“Greg Tournant has been unfairly targeted though he was on extended medical leave during these market events, and the funds had thrived under his leadership for the previous 14 years,” they said in a statement. “The losses resulting from these market events were suffered by sophisticated institutional investors — including Greg himself who had a considerable investment in the fund.”
The two other portfolio managers, Stephen Bond-Nelson and Trevor Taylor, pleaded guilty to conspiracy and fraud charges and are co-operating with prosecutors. Tournant was arrested in Colorado and was scheduled to appear before a magistrate in Denver at 2pm on Tuesday, according to court records.
At the news conference, SEC director of enforcement Gurbir Grewal called the civil penalty the biggest since Enron and WorldCom. He added that Bond-Nelson had taken a bathroom break while the SEC was interviewing him and never came back.
“No-one at AGI US or Allianz was verifying that Tournant and his colleagues were actually adhering to the investment strategies promised to investors,” according to Tournant’s indictment.
“For example, no risk or compliance personnel at AGI US verified, attempted to verify, or were responsible for verifying that Tournant and his colleagues were purchasing hedging positions within the range that was represented to investors, or adhering to other agreed upon risk mitigation strategies, including those specifically promised to the funds’ largest investor.”
Tournant told investors that Allianz was “one of the largest and most conservative insurance companies in the world” and was monitoring every position that he took as a “master cop”, according to the court filing.
The Structured Alpha hedge funds were designed to provide protection against a market crash yet incurred steep hits during the tumultuous early days of the pandemic.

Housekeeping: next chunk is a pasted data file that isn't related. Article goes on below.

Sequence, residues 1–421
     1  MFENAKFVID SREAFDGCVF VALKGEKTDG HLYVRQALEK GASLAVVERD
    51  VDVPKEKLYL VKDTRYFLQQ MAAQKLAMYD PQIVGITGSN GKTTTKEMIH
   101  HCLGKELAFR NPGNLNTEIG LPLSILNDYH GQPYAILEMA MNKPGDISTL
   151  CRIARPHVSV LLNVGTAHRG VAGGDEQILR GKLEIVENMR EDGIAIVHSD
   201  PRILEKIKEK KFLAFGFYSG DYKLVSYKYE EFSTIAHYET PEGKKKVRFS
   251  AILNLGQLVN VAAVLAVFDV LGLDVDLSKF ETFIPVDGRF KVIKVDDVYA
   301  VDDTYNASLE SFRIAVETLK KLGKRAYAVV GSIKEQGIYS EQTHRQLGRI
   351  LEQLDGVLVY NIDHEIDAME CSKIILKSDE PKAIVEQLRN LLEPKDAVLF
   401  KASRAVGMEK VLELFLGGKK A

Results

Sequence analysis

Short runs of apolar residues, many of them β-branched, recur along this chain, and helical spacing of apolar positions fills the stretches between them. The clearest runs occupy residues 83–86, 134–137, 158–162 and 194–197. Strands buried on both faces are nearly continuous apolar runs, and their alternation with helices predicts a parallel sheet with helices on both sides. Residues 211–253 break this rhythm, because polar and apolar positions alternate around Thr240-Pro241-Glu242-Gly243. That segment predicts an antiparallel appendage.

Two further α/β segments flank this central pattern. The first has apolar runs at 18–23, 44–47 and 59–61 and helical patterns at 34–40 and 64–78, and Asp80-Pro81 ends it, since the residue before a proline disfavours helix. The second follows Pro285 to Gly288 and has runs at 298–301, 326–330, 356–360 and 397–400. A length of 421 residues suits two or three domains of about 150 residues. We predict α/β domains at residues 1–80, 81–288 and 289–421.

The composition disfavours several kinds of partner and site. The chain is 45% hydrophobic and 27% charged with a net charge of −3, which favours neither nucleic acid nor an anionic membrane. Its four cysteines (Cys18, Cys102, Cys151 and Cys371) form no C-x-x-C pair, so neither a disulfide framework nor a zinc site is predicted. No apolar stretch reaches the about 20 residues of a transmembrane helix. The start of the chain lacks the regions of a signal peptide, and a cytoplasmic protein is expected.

Following a controversial options strategy, five Florida-based funds lost between 49% and 97% of their value during the first quarter of 2020. Investors said they lost billions of dollars. Allianz liquidated two of the vehicles in March 2020 and has been unwinding the others.
Prosecutors say Tournant also tried to obstruct a government probe.
“In or about the summer of 2020, after the onset of the pandemic and in order to avoid detection of the fraudulent scheme, Gregoire Tournant, the defendant, obstructed an investigation by the US Securities and Exchange Commission (the ‘SEC’) into the circumstances that led to the losses in March 2020. Among other things, Tournant repeatedly directed Stephen Bond-Nelson, a portfolio manager for the funds, to lie to the SEC.”
The funds were marketed as “providing broad market exposure while maintaining specific risk protections to safeguard against losses in the event of a market crash”, according to the indictment.
But in late 2015, Tournant allegedly grew frustrated with the cost of hedging, which was eating into returns. The fund “abandoned the promised hedging strategy and instead began to purchase cheaper hedges that were further out of the money, and therefore less protective in the event of a market crash”, according to the indictment. That change was not disclosed to investors, prosecutors allege.
AGI is due to make the forfeiture payment on Wednesday and will make the restitution payments within a week into an escrow account that will be distributed to victims.
When pandemic-related market volatility hit in 2020, the funds lost more than $7bn and were ultimately shut down.
Bloomberg News. More stories like this are available on bloomberg.com